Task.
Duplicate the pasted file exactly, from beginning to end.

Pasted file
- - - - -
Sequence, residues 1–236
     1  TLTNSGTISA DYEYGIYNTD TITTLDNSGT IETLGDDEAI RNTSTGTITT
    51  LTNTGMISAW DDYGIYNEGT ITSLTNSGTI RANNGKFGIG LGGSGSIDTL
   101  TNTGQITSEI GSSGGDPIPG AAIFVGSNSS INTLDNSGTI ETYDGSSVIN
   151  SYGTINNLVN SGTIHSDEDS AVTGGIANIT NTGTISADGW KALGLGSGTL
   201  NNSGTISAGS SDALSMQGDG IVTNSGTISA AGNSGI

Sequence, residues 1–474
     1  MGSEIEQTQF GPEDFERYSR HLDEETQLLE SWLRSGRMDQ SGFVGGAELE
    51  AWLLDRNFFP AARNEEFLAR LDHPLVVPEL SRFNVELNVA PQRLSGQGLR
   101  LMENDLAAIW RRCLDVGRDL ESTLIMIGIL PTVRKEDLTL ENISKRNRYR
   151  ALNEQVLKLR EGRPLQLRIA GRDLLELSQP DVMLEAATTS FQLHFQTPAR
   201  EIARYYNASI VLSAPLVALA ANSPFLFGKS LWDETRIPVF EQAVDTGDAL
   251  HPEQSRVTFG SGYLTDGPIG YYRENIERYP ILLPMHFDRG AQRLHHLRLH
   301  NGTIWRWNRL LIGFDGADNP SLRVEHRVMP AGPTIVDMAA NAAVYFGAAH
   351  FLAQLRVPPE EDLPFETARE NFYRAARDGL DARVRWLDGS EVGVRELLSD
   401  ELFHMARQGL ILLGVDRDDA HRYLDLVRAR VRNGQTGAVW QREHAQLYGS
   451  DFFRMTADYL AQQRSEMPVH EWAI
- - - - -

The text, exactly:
Sequence, residues 1–236
     1  TLTNSGTISA DYEYGIYNTD TITTLDNSGT IETLGDDEAI RNTSTGTITT
    51  LTNTGMISAW DDYGIYNEGT ITSLTNSGTI RANNGKFGIG LGGSGSIDTL
   101  TNTGQITSEI GSSGGDPIPG AAIFVGSNSS INTLDNSGTI ETYDGSSVIN
   151  SYGTINNLVN SGTIHSDEDS AVTGGIANIT NTGTISADGW KALGLGSGTL
   201  NNSGTISAGS SDALSMQGDG IVTNSGTISA AGNSGI

Sequence, residues 1–474
     1  MGSEIEQTQF GPEDFERYSR HLDEETQLLE SWLRSGRMDQ SGFVGGAELE
    51  AWLLDRNFFP AARNEEFLAR LDHPLVVPEL SRFNVELNVA PQRLSGQGLR
   101  LMENDLAAIW RRCLDVGRDL ESTLIMIGIL PTVRKEDLTL ENISKRNRYR
   151  ALNEQVLKLR EGRPLQLRIA GRDLLELSQP DVMLEAATTS FQLHFQTPAR
   201  EIARYYNASI VLSAPLVALA ANSPFLFGKS LWDETRIPVF EQAVDTGDAL
   251  HPEQSRVTFG SGYLTDGPIG YYRENIERYP ILLPMHFDRG AQRLHHLRLH
   301  NGTIWRWNRL LIGFDGADNP SLRVEHRVMP AGPTIVDMAA NAAVYFGAAH
   351  FLAQLRVPPE EDLPFETARE NFYRAARDGL DARVRWLDGS EVGVRELLSD
   401  ELFHMARQGL ILLGVDRDDA HRYLDLVRAR VRNGQTGAVW QREHAQLYGS
   451  DFFRMTADYL AQQRSEMPVH EWAI